We are pleased to offer the opportunity for Girl Scouts to learn more about hearing and hearing protection through self-completion of the Rady Children’s Hearing Protection Patch.
What: Rady Children’s Hearing Protection Patch
When: Self-Guided Patch Program Link to Activities
Where: 3020 Children’s Way, MC5010, San Diego, CA 92123
Cost: Patches are free with completion of age-appropriate activities: Rady Children’s Hearing Protection Patch.
Contact: For more information or to receive a patch, contact Julie Purdy, firstname.lastname@example.org or 858-966-5408
About 12.5% of children and teenagers (6-19 years old) have permanent damage to their hearing from too much noise. This type of hearing loss is called “noise-induced hearing loss”. It can happen from hearing a very loud sound one time, or most times from listening to loud sounds over and over. This type of hearing loss cannot be fixed, but it can be prevented. The three main ways to avoid getting noise-induced hearing loss are: turning the volume down, walking away from the loud sound, and protecting your ears. The steps of this patch are made to help you make choices that will protect your hearing for your whole life!
To complete this patch, all of the * items must be completed for each section (Discover, Connect, Take Action and Reflect).
Pick at least two of the three activities listed below. Be sure to complete the starred item.
1. How do we hear? Look at the diagram below. It shows the three main parts that help us hear. Label the diagram using the words and definitions listed below. An answer key is provided on page seven. https://www.audiology.org/consumers-and-patients/children-and-hearing-loss/turn-it-to-the-left/
A. Terms and Definitions:
a. Pinna: The pinna is the part of your ear that you see on the sides of your head. It is made of cartilage and helps you to figure out from which directions sound comes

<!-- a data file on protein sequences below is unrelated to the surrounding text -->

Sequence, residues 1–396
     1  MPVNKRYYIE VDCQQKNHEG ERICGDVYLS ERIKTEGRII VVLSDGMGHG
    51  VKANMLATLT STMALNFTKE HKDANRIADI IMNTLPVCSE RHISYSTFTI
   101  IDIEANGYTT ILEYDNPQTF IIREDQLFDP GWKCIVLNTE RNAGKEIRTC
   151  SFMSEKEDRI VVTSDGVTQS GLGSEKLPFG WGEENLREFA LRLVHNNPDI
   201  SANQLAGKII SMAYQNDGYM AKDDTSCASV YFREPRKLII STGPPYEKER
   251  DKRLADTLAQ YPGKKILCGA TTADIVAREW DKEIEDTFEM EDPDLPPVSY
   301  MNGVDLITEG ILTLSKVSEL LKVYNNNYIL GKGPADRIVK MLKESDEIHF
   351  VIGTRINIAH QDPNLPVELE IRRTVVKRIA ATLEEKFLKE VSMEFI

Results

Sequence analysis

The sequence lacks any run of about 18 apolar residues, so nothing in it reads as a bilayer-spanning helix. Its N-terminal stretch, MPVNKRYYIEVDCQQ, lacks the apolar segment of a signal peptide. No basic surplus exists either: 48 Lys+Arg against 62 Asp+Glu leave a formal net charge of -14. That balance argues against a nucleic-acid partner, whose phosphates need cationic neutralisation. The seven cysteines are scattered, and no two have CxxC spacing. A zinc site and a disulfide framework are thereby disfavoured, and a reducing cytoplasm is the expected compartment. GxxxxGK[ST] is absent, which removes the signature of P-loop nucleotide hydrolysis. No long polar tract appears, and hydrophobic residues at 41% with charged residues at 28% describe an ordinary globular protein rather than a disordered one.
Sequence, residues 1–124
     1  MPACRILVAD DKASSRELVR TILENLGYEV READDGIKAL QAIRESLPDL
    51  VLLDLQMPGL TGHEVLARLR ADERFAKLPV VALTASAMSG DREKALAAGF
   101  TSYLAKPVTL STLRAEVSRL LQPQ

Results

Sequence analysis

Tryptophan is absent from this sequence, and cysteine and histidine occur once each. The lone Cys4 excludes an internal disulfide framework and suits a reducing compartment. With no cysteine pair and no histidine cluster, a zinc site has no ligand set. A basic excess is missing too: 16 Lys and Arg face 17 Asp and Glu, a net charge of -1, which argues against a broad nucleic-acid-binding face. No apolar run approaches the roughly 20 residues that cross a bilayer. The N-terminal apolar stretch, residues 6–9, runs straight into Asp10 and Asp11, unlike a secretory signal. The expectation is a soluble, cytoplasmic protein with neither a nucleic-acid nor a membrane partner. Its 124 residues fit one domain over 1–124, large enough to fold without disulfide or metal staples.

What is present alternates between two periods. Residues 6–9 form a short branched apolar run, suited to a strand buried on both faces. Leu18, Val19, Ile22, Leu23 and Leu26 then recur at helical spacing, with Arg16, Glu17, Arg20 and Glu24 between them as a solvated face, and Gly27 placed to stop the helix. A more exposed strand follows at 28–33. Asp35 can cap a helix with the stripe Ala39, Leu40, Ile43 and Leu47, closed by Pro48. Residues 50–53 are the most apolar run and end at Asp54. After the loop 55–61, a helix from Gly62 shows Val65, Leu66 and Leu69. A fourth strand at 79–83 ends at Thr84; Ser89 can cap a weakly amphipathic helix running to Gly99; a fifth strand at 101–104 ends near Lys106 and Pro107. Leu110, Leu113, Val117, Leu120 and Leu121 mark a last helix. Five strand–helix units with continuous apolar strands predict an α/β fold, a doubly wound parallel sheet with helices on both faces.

b. Ear Canal: The ear canal allows sounds to travel from the pinna to the middle ear.
c. Ear drum: The eardrum is at the end of the ear canal. It is a thin flap of skin that is stretched tight like a drum and vibrates when sound hits it. This is where your middle ear starts.
d. Hammer: The hammer (or malleus) is the first of the three little bones called the ossicles that help transmit sound vibrations form the eardrum to the inner ear.
e. Anvil: The anvil (or incus) is the second of the three little bones called the ossicles that help transmit sound vibrations form the eardrum to the inner ear.
f. Stirrup: The stirrup (or stapes) is the third of the three little bones called the ossicles that help transmit sound vibrations form the eardrum to the inner ear.
g. Cochlea: The cochlea is the part of the inner ear that hears. It looks like a snail and is made of bone and has fluid inside of it. When the ossicles vibrate, they make little waves in the fluid. These waves stimulate small hair cells located in the cochlea.
h. Semicircular canals: They are the part of the inner ear that helps you with your balance.
i. The small hair cells change movement into electrical signals that are sent to the brain through the nerves.
2. Hearing Facts: Pick at least one item from Part A and another from Part B. Investigate more about that topic:
A. How do other animals/insects hear? Pick one or more of the following funny facts and investigate more about it.
a. Fish do not have ears, but they can hear pressure changes through ridges on their body.
b. Dogs can hear much higher pitches than humans.
c. Snakes hear through the jawbone and through a traditional inner ear. These help them hear and catch prey.